'On the Basis of Sex': Film Review | AFI 2018
Felicity Jones plays a young Ruth Bader Ginsburg and Armie Hammer her husband, Marty, in Mimi Leder's by-the-numbers biopic.
In the immediate wake of a hugely successful documentary portrait as well as a hefty just-published biography, the canonization of Supreme Court Justice Ruth Bader Ginsburg continues with On the Basis of Sex, an idolatrous but disappointingly prosaic first pass at a dramatic presentation of her pathfinding life. To be sure, the perseverance and historical precedents associated with this brilliant and beguiling legal pioneer are present and accounted for, making for numerous inspiring moments. But the conventional connect-the-dots approach and less-than-ideal casting of the leading role keep the film from being something more than a proficient but ordinary account of an extraordinary career.
Although Ginsburg herself could hardly feel anything but delighted by the film's rapturous attitude toward her (it was written by her nephew and she gives it her tacit seal of approval by appearing in the final shot), this passionate opera fan would no doubt be most flattered if someone were to create a grand opera about her.
In the works for several years, the film was originally set to star Natalie Portman under Marielle Heller's direction, a tantalizing combination that, unfortunately, came to naught. Other than Portman or perhaps Debra Winger 30 years ago, it's hard to think of other ideal actresses for the role and, sad to say, it's not Felicity Jones. That she has been permitted to let some noticeably British vocal inflections slip through is a minor point compared to her little-varying earnest and persistently serious attitude. Of course these are traits the real woman has in abundance, but anyone who has seen the wonderful documentary RBG, which has pulled in an impressive $14 million-plus at the American box-office this year, knows there's much more to her than that, including, for starters, a lovely sense of humor and a sly, offbeat manner that suggests she always has something up her judicial sleeves.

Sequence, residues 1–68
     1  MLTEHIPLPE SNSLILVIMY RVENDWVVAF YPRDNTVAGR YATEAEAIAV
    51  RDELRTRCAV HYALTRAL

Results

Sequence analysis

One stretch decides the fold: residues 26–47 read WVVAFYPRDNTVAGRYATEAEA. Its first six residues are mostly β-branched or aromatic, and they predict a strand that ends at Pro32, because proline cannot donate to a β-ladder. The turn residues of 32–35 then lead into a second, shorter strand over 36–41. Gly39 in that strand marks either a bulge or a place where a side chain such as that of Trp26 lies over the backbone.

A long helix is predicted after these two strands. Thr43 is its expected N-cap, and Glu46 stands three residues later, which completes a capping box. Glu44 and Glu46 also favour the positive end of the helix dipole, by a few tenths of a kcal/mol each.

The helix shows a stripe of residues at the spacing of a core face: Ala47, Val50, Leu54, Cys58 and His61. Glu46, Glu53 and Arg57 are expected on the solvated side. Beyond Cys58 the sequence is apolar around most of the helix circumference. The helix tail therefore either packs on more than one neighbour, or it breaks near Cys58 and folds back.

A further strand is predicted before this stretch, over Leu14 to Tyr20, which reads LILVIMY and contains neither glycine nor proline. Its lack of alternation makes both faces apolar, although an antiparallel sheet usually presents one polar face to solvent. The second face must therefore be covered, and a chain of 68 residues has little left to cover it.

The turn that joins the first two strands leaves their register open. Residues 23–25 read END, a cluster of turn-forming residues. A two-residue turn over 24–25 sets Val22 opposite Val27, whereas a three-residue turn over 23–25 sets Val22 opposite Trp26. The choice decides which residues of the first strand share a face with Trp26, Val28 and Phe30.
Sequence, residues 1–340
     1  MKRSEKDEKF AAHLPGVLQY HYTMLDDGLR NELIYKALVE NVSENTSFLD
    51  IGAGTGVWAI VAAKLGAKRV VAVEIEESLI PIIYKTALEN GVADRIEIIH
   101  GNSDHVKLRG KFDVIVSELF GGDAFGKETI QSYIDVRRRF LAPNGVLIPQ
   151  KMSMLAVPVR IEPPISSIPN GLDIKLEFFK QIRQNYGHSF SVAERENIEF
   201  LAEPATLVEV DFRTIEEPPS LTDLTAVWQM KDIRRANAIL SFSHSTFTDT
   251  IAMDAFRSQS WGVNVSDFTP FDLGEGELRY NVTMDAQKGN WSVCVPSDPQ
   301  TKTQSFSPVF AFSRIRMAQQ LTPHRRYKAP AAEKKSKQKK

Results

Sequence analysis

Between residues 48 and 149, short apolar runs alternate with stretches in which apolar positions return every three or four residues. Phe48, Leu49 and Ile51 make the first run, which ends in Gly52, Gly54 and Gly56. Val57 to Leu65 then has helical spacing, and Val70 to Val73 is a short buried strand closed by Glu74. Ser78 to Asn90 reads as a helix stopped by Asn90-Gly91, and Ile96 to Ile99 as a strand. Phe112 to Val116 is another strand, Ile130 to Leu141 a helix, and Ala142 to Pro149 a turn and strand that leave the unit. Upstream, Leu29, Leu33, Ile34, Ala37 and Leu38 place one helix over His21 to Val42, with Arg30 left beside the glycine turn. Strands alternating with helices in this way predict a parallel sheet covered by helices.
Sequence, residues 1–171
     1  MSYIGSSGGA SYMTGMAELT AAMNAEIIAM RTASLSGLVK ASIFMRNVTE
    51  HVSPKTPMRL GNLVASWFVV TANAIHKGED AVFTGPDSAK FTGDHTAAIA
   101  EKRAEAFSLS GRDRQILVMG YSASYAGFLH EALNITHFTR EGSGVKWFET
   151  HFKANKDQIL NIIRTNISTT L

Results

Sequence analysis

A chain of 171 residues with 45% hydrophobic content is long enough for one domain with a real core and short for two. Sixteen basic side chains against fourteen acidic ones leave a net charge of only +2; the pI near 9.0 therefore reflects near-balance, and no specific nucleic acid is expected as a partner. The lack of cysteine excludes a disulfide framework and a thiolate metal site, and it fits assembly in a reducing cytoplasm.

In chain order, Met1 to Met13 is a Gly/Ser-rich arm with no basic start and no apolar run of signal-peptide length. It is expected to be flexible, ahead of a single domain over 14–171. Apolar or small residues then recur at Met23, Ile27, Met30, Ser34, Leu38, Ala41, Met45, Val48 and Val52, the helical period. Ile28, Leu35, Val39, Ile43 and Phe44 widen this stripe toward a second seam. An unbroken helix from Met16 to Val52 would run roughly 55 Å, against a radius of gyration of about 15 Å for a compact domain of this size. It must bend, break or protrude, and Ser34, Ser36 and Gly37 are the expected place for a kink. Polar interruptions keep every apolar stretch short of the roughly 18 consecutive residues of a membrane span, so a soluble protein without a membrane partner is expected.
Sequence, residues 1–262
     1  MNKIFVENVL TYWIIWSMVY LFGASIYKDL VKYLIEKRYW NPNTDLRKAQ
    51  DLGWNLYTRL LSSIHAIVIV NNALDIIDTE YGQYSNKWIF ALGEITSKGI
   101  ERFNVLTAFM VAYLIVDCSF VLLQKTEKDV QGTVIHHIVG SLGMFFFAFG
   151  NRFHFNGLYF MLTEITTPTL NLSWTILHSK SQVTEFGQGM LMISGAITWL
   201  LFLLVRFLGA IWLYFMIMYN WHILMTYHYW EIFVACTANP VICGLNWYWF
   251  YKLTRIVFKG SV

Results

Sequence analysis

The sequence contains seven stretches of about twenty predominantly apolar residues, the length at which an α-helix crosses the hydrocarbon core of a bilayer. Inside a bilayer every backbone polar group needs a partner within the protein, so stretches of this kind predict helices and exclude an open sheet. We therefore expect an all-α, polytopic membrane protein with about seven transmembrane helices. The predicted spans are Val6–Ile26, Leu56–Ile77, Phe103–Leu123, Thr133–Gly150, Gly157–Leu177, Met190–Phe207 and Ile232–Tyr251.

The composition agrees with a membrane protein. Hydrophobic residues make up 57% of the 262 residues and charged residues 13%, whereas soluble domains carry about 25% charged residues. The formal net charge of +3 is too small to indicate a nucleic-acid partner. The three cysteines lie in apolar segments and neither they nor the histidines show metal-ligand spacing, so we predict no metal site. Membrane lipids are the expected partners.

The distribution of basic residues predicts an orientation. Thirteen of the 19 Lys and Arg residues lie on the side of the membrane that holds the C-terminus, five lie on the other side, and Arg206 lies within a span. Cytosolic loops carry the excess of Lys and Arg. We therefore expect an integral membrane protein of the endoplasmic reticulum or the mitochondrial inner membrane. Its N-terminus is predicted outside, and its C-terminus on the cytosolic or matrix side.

Presumably having known his aunt all his life, first-time screenwriter Daniel Stiepleman begins his account in 1956, when, already married and with a baby daughter, Ginsburg became one of just nine women in a class of more than 500 men entering Harvard Law School that year. This is just first of many “OMG!” moments the script has been designed to elicit, which will, indeed, stun younger audiences not cognizant of the norms a half-century ago.
Driving the story, of course, is the significant role Ginsburg played in changing these norms. Ruth Bader was lucky, as an undergraduate at Cornell, to meet Marty Ginsburg (Armie Hammer), an all-around great guy who not only did the cooking and helped with the babies (there would eventually be a son as well) but later did very well on Wall Street. On the other hand, he almost died of testicular cancer very early on, but pulled through to make possible what looks to have been a great marriage in all respects until his death in 2010.